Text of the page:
The Weather Channel this week introduced new technology that will add astonishing visual effects to their broadcasts. Check out this Co.Design article, with video, where you can see a demo in which the anchorman barely escapes being crushed by a flying car and struck by a downed power line during a tornado. It’s startlingly realistic.
Colonel Strickland, the cruel government agent who pulled the amphibious fish/man out of the river muck in South America, continually crunches on green (lime?) hard candy throughout The Shape of Water.
Strickland isn’t cinema’s only early-’60s antagonist with a sweet tooth, though. Who could forget Psycho‘s Norman Bates, the mama’s boy with a taste for candy corn? (shown here nervously chewing away as he disposes of Marion Crane’s car, her freshly-showered body in the trunk)
Candy adds an intriguing dimension to these two tormented monsters. It makes them somehow vulnerable, possibly even childlike. The line separating the truly evil from the rest of us becomes a little more blurred.
The last movie we watch in my film studies class every spring is always whatever has won the Academy Award for Best Picture that year. This year we’re watching The Shape of Water. This is a really brilliant movie, and I have so many things I’m thinking about in response that I want to write a longer essay/article this summer. In the short term, just to give myself an outlet right away, I’m going to post small items I’ve noticed and am mulling over.
One thing I want to look at in this film is homage. I’ve written about “homage” before; you can read that post for additional background if you like (here, for example). If you read reviews of The Shape of Water, you can see that others have noted some of the more direct film references (like Elisa dancing with her mop à la Fred Astaire dancing with the coat rack in Royal Wedding). I’ll probably talk about those, too.
But today I just thought I’d post some screenshots of a little thing I noticed. Below is a screenshot from the Odessa Steps scene in Battleship Potemkin, Sergei Eisenstein’s 1927 classic portrayal of a real life massacre of innocent civilians by government troops as punishment for feeding the starving sailors out on the ship just beyond the docks. This is the mother whose baby carriage careens down the staircase after she is shot in the stomach. Note the close-up of her hands and the blood oozing out as she clutches herself.
The second is a screenshot from the last scene in The Shape of Water, where Elisa has been shot in the stomach by Colonel Strickland for trying to help the creature escape the torture he’s been enduring under the government’s (Strickland’s) authority. Note the placement of Elisa’s hands and the blood emerging from her wound as she presses against it with her fingers.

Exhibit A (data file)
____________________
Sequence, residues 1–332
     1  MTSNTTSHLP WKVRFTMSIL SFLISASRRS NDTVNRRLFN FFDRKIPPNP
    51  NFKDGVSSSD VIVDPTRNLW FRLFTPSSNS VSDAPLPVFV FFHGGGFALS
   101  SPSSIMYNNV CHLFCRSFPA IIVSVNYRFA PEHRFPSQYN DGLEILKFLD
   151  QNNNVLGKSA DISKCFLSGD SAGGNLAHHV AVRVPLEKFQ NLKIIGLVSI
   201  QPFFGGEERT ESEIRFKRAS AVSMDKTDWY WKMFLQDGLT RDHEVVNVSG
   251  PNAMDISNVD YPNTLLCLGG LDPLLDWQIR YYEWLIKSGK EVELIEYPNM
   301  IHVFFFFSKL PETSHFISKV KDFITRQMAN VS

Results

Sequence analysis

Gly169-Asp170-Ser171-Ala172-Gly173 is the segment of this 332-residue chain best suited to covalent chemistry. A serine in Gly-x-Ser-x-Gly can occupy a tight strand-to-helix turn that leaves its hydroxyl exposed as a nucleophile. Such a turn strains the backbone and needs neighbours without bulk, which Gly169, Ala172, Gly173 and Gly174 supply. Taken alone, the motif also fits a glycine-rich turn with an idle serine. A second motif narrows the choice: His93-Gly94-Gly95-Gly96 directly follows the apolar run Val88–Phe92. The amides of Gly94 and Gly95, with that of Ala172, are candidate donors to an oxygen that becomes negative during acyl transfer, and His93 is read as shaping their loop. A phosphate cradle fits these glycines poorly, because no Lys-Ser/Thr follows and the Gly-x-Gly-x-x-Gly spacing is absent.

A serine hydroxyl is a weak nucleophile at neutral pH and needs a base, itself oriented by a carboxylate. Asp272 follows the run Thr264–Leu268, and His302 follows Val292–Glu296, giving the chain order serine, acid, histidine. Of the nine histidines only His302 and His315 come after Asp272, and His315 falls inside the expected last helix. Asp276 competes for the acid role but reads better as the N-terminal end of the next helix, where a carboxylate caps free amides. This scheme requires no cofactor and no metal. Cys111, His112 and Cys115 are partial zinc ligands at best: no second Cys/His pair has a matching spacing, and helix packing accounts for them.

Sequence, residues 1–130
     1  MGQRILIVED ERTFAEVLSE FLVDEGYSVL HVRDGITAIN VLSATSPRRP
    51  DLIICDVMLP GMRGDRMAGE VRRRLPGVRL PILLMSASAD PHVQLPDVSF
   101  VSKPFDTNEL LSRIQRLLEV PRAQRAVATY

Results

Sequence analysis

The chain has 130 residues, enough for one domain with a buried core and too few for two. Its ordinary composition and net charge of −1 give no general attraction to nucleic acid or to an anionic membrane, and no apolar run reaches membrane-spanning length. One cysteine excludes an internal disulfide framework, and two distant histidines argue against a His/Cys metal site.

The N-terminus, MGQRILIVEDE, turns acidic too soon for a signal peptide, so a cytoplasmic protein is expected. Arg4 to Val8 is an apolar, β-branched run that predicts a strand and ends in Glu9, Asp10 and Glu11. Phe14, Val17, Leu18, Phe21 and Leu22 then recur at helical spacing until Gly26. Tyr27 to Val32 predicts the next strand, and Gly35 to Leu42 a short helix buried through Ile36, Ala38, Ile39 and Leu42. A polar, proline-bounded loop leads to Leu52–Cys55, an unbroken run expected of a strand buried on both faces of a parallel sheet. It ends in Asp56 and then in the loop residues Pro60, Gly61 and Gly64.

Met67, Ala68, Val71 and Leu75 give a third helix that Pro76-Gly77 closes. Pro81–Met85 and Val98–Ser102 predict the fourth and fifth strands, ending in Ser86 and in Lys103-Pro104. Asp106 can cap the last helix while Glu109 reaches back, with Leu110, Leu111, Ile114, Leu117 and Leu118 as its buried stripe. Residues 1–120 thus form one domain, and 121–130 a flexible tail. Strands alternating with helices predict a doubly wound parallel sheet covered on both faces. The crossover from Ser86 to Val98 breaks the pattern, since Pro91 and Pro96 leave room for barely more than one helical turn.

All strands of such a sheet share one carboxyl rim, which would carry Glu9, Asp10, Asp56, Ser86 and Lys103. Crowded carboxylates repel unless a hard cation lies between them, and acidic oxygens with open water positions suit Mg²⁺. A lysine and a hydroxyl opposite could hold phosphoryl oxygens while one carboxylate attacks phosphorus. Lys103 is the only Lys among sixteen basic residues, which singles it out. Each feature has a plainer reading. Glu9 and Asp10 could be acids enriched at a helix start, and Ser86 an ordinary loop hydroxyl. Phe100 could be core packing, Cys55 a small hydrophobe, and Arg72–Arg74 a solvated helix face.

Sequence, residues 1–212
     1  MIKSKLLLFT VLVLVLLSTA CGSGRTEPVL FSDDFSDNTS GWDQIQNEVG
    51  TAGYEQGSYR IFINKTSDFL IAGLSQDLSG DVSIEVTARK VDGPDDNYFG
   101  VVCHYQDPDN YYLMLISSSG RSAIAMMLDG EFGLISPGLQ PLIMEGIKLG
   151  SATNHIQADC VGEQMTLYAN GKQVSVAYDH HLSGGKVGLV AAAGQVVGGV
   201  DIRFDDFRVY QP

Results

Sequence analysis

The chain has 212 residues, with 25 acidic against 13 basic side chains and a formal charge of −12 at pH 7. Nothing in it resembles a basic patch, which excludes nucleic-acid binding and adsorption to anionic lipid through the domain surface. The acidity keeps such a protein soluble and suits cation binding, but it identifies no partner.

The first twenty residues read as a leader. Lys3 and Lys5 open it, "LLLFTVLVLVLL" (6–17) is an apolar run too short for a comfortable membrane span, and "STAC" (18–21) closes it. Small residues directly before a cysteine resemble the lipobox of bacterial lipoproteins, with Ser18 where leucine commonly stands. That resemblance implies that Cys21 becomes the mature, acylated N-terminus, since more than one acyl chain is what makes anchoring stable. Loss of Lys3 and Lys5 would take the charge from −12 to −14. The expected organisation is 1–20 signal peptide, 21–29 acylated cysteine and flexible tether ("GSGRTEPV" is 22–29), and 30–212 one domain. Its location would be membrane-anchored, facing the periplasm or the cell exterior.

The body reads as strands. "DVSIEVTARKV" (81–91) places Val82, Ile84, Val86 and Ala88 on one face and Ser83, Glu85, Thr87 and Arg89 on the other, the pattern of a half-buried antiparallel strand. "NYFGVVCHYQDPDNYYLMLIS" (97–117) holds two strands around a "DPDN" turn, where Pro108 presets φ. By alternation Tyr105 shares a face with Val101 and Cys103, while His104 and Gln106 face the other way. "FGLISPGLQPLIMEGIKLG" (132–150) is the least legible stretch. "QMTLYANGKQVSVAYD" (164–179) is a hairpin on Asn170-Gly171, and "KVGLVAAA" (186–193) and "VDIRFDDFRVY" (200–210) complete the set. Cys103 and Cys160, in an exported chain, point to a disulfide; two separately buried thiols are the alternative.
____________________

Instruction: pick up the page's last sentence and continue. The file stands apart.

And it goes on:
A really small thing, possibly coincidental but appearing quite obvious to me, especially when you consider the similar themes of the two films.
So that’s today’s post, nothing more than a snippet of something I’m thinking about as I continue to ruminate on Guillermo del Toro’s masterpiece. Thanks for reading and thinking about it with me 🙂
A foggy start to the day in Milwaukee yesterday morning. Looking east up State Street from the Grohmann Museum.
I’m reading paper drafts from students in my film studies course, and one of them is writing about baptism/assassination montage in The Godfather. I was pretty sure the music playing through that scene is Bach, but I looked it up just to make sure.
Check out this cool video I found of that music, Bach’s “Passacaglia and Fugue in C minor,” (BWV 582), posted several years ago on YouTube. I love being able to watch the music move through the bars like unscrolling player piano rolls.
And, of course, one can never hear this piece of music again without thinking of that masterpiece of a scene from The Godfather. So here it is, to save you the trouble of searching for it yourself 🙂
For decades Milwaukee’s favorite weather forecast has been the flame atop the Wisconsin Gas Building. It changes color and flashes to announce rising/falling temperatures, snow/rain, or a steady state (no change from current conditions). There’s even a little poem to help you remember:
When the flame is red, warm weather is ahead.
When the flame is gold, watch out for cold.
When the flame is blue, there’s no change in view.
Where there’s agitation, expect precipitation.
The farthest-off white building has been around since the early 1970s, and I think it remains the tallest building in Wisconsin. But the other skyscrapers are new, built within the past 5-10 years. Makes it harder to find our trusty beacon, but it’s still there for all those willing to seek it out.
Looks like we’ll continue warming up. Temps are in the eighties this week. Hard to believe we got several inches of snow and ice just two weeks ago. That’s life in Wisconsin, I guess 🙂
Street construction on my usual route to work has me driving past the new Milwaukee Bucks arena from different directions and at different times of day than usual. These literal shifts in perspective have led me to discover something kind of cool: the walls of the arena change color depending on the light.
Here’s a picture from last week Wednesday morning, taken from the west, heading east.
Here’s a picture from last Thursday evening, taken from the north, heading south.
Last night I drove past, from south to north, around 7:20 pm, and that gray was an even more mellow, creamy shade, like a dove’s breast. Traffic was too heavy for me to get a photo. I’ll try if I get another chance.
Clearly the shifts in color have something to do with the light, but I’m not sure exactly what’s going on. Nonetheless, it’s pretty spectacular. Reminds me of how Lake Michigan also constantly changes its appearance, with a different look every single day.